It was somewhere around 97 degrees Fahrenheit when Christine Middleton stepped onto the weightlifting platform. Record-breaking heat for what would become a record-breaking evening of fitness.
She faced directly into the sun — setting but still high enough to glint against her amber sunglasses. The barbell was loaded to 265 lb.
Middleton, a member of 2017 CrossFit Games team Ocean State’s Finest, had already clean and jerked 235 and 250 lb. on her first two attempts, each lift smooth and solid. If her third lift was successful, she’d break the record for the heaviest women’s clean and jerk in CrossFit competition history: 257 lb., set by Amanda Barnhart at the 2019 Down Under CrossFit Championship.
But Middleton — who took fourth in the 76-kg category at the 2020 USA Weightlifting National Championship and won Open Workout 21.4 — didn’t know that. All she knew was she felt good.
She pulled under the barbell into an easy squat and stood it straight up out of the hole. Two breaths later, she heaved the weight overhead, catching it with a tidy split jerk.
“I’ll be honest, it didn’t look like a record-setting lift,” said commentator Tommy Marquez.
That’s because it wasn’t intended to be one.
“I had absolutely no clue there was a record or that I was potentially breaking one,” Middleton said later that evening. “I just love the lifts and pushing myself to do more.”
And she wasn’t the only athlete breaking records on the platforms at the Granite Games in Eagan, Minnesota, Friday night.
Just a couple hours later, Anthony Davis snatched 340 lb. in the men’s competition, simultaneously winning the event, surpassing his 325-lb. lift in the same event from 2018 — which he also won — and breaking the record for heaviest men’s snatch in a CrossFit competition, set by Tola Morakinyo at 337.3 lb. in the 2019 Reykjavik CrossFit Championship.
“I didn’t even know that until today,” Davis said of Morakinyo’s record, which he thought had been 330 lb. “I’m like, ‘Dang, I gotta add five more pounds!’”
Like Middleton, Davis is a decorated lifter. He took second in the 102-kg category at the 2019 USA Weightlifting National Championships with a total of 326 kg/718.7 lb. But while they both say breaking records is fine, it’s not the reason they lift.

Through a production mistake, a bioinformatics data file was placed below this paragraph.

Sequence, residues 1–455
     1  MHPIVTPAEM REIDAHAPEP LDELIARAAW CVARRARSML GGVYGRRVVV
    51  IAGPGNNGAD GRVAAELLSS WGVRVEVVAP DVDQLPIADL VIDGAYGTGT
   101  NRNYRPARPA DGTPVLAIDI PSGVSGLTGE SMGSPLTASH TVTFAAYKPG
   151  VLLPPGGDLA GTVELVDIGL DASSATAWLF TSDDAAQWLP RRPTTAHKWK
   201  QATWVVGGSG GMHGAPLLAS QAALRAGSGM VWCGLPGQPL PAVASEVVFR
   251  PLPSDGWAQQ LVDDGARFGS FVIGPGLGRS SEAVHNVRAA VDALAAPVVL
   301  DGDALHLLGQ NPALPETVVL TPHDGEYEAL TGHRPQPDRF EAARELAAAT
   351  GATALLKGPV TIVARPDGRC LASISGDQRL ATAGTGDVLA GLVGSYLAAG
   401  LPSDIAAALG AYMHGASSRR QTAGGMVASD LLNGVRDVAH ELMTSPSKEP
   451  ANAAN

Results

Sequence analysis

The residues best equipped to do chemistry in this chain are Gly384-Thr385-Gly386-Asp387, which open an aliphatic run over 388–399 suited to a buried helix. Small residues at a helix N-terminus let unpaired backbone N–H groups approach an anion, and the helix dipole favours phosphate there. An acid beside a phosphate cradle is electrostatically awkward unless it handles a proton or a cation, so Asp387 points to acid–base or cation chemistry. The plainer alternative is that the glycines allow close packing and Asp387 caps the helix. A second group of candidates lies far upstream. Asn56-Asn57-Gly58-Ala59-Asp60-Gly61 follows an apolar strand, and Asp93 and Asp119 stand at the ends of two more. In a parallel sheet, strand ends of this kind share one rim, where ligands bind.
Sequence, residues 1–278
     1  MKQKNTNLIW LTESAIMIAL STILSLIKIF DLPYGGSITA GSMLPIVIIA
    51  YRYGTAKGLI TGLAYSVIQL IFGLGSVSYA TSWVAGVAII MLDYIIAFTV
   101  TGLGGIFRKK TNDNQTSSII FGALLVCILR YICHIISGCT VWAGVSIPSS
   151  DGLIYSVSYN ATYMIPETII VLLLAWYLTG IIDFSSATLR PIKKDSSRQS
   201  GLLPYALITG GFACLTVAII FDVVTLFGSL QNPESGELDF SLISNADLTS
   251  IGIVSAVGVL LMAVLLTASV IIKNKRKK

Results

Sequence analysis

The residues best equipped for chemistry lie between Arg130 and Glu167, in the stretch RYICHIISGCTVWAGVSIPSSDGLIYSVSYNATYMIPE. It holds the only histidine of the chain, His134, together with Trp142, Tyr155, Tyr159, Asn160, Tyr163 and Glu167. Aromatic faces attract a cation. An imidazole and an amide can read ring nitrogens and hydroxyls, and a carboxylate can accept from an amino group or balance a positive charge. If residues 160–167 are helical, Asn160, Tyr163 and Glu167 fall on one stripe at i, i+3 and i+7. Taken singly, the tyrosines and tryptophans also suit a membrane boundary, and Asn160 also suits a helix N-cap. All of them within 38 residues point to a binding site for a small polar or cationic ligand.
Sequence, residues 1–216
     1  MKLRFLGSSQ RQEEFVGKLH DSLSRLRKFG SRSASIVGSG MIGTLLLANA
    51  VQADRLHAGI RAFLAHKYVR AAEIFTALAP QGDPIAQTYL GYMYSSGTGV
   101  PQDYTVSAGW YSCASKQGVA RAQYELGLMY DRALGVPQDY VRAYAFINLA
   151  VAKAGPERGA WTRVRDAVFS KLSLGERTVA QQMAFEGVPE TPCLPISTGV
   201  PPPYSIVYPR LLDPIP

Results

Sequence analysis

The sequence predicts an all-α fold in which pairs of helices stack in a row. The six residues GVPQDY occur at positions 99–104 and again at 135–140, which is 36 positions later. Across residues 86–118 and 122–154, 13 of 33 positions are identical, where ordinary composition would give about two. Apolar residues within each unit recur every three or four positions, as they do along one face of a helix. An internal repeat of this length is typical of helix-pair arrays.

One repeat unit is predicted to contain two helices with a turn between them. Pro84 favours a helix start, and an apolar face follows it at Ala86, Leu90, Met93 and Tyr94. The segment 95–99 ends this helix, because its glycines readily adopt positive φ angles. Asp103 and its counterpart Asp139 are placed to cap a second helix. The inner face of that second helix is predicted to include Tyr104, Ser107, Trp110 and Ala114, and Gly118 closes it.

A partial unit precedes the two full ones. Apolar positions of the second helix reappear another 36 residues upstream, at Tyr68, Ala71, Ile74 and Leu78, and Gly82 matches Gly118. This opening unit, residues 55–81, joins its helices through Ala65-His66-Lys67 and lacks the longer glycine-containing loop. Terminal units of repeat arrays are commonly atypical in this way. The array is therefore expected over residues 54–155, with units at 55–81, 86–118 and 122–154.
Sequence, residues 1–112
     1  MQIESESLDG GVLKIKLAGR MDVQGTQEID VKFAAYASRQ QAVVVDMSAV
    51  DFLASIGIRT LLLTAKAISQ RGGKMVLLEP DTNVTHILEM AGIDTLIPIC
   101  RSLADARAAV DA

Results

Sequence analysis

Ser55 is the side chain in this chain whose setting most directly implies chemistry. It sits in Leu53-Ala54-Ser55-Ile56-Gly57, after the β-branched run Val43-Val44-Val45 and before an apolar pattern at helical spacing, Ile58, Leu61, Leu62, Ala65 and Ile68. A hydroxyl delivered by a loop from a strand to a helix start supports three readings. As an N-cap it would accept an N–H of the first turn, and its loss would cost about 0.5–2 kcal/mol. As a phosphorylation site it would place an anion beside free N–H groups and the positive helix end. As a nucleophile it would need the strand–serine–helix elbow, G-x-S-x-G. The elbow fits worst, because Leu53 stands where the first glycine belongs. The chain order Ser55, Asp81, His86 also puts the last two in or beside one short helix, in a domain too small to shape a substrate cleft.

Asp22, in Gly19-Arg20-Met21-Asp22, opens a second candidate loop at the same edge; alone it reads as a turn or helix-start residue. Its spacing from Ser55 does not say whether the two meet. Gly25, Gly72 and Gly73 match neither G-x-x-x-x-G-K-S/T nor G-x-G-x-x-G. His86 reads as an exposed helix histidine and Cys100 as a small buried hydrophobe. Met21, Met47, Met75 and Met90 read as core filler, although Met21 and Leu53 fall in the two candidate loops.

“I love to lift weights ’cause the barbell is a tool to bring confidence, health, and strength to anyone willing to learn its ways,” said Davis, a coach at Timberwolf CrossFit in St. Paul, Minnesota. “What started out as something to fill a void has become a career, and now I spend my days coaching and helping others find strength themselves.”
Middleton shared the sentiment.
“It’s exciting, empowering (and) just fun!” said Middleton, who coached at Ocean State CrossFit for six and a half years and now works as a certified athletic trainer at Naval Health Clinic New England in Newport, Rhode Island.
“I enjoy getting stronger, motivating other people to get stronger, and coaching the movements,” she continued. “When someone finally gets the movement to feel right, it's the most exciting aspect of weightlifting.”
Though he started CrossFit in 2014 as a “lost college kid trying to figure things out” and fill the vacuum left by high-school sports, now, “there is no better feeling than watching people overcome life obstacles, find strength they never knew they had, and achieve things they never thought possible,” he said. “Being a competitive athlete is fun, but watching someone overwhelmed with joy ’cause they jumped onto (a) box for the first time is of infinite value.”
Middleton’s lift added to her teammate’s 145-lb. snatch for first place in the second event, and team Ocean State’s Finest began Day 2 in second overall with 246 points.
Davis’ event win and fifth-place finish in Thruster Run 3.0 put him atop the leaderboard Saturday morning with an 8-point lead over Saxon Panchik in second.
Cover photo by Meg Ellery.